Mimi Pickering has been making films and videotapes with Appalshop since 1971. Her documentaries often feature women as principle storytellers, focus on injustice and inequity, and explore the efforts of grassroots people to deal with community problems and work for change. The stories are told primarily through the voices and images of those most directly involved or affected by the issues. She is especially interested in the interplay and dynamics associated with combining traditional cultural aesthetics with social change agency.
Mimi is a recipient of a Guggenheim Fellowship and two Kentucky Arts Council Fellowships, as well as media production grants from the American Film Institute and the National Endowments for the Arts and Humanities. In addition to her production work, she directs Appalshop’s Community Media Initiative, which works with grassroots groups and public interest organizations to develop and implement communication strategies in support of social and economic justice organizing.
A native of California who attended Antioch College, Pickering had her first media experience as an intern in Charleston, WV, working for the West Virginia Black Lung Association, a group of disabled coal miners and their families who were fighting for just compensation for their black lung disease and to reform the United Mine Workers Union. While in West Virginia, she began work with Appalshop on a film production that became her first 16mm film, The Struggle of Coon Branch Mountain. In 1972 Pickering relocated to eastern Kentucky to continue her film training and media production at Appalshop, but she has continued her interest in West Virginia subjects throughout her career.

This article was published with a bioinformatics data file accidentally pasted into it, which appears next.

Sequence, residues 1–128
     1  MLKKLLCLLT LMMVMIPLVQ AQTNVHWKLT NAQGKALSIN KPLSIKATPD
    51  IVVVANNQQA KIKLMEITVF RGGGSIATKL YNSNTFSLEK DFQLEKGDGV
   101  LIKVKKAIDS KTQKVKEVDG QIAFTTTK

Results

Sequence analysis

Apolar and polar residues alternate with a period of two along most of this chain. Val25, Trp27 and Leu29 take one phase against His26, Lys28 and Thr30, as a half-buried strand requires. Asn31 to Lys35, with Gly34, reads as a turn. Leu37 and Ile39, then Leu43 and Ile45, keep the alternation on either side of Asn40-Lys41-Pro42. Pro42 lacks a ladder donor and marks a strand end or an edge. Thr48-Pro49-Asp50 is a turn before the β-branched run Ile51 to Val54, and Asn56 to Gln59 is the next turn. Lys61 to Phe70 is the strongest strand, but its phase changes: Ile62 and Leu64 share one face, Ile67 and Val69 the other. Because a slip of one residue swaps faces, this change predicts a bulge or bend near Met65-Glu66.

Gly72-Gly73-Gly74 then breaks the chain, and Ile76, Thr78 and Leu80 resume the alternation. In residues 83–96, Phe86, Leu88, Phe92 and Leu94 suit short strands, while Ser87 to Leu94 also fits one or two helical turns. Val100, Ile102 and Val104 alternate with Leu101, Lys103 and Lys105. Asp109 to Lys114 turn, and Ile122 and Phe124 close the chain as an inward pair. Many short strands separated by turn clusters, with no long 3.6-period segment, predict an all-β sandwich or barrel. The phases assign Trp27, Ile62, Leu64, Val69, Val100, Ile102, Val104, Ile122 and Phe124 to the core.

Pickering’s award-winning documentaries include The Buffalo Creek Flood: An Act of Man (1975), which was one of 25 "culturally, historically, or aesthetically" significant motion pictures named by the Librarian of Congress to the National Film Registry in 2005. Described by Newsweek as "a powerful piece of muckraking on film," the documentary was a Silver Plaque winner at the Chicago International Film Festival. Filmed 10 years after the disaster, Buffalo Creek Revisited looks at the efforts of Buffalo Creek survivors to rebuild the physical and emotional community shattered by the flood. Other work includes Chemical Valley (1991), a documentary produced with Anne Lewis about issues of environmental justice in the Kanawha Valley of West Virginia. Chemical Valley was broadcast nationally on PBS as part of the P.O.V. series. The program was screened at the U.S. Environmental Film Festival, the Earth/Peace Film Festival, the San Francisco International Film Festival and the American Film and Video Festival, where it won a Blue Ribbon.